Adobe hit by another zero-day flaw
Adobe has warned of a critical zero-day flaw in Adobe Reader and Acrobat.
The vulnerability takes advantage of a boundary error to take over a user’s computer. It affects Adobe Reader and Acrobat 9.3.4 and earlier, on computers running Windows or Mac, but a user would have to open a malicious PDF first.
“This vulnerability could cause a crash and potentially allow an attacker to take control of the affected system,” Adobe said in a security bulletin. “There are reports that this vulnerability is being actively exploited in the wild.”
Adobe is working on an update to patch the flaw, but couldn’t say when it would arrive. “Adobe is in the process of evaluating the schedule for an update to resolve this vulnerability,” the company said.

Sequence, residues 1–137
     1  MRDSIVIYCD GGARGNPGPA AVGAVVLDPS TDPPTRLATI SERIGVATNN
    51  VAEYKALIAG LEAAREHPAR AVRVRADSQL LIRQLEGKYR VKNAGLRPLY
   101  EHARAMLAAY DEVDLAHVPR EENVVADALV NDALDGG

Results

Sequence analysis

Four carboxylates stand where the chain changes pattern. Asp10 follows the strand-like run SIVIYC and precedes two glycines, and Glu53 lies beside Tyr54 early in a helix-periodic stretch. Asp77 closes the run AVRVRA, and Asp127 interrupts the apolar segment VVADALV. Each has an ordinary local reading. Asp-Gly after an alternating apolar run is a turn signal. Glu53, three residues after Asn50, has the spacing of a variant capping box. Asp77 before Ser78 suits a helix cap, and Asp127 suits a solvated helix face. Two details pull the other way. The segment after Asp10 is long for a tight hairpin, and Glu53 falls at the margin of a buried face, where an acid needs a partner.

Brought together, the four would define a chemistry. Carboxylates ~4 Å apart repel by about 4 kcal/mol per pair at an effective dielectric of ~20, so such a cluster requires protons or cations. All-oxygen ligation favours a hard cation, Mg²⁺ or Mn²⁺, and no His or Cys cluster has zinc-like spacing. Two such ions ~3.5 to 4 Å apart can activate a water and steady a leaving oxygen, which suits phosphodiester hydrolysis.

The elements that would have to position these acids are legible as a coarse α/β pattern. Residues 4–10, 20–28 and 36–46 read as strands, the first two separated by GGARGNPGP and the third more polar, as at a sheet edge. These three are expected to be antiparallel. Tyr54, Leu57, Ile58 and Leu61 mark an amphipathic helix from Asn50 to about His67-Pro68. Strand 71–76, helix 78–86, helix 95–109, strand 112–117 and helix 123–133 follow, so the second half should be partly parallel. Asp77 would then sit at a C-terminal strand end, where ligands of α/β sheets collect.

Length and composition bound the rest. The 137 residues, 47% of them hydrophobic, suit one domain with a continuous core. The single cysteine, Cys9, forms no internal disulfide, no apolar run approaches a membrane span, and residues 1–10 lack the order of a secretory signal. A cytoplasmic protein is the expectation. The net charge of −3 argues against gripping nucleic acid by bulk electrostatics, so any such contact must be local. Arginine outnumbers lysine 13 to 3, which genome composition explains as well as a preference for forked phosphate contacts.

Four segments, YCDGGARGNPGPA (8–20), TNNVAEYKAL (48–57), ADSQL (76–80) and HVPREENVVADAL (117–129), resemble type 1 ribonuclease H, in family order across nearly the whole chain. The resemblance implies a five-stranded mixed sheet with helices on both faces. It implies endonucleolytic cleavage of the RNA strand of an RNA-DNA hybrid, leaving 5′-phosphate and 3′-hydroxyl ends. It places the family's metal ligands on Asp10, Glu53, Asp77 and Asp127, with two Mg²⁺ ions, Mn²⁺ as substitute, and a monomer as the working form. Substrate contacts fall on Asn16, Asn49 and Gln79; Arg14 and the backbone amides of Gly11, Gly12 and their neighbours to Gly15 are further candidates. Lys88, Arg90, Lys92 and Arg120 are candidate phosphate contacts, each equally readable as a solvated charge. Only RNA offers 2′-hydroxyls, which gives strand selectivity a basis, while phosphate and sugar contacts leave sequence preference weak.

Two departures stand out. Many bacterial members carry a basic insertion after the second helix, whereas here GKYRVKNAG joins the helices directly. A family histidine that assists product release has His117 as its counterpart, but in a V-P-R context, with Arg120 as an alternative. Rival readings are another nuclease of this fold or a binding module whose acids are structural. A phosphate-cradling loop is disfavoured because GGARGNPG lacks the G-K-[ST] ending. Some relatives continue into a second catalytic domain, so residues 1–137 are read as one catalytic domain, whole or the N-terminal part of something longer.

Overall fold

The flaw was reported to Adobe by security researcher Mila Parkour, who said the attack drops a file onto the computer which connects to an external site.
Metasploit’s Joshua Drake noted the flaw is unlike other Adobe vulnerabilities seen in the wild. “This exploit works on Windows Vista and Windows 7,” Drake said on the security blog. “Unlike the previous exploits, it is not dependent on a hardcoded Windows XP syscall.”
Drake added that the exploit uses a new technique to bypass address space layout randomisation (ASLR), which places key data in random positions to make it harder for hackers to know where to attack.
Adobe is set to boost security by sandboxing Reader in its next update.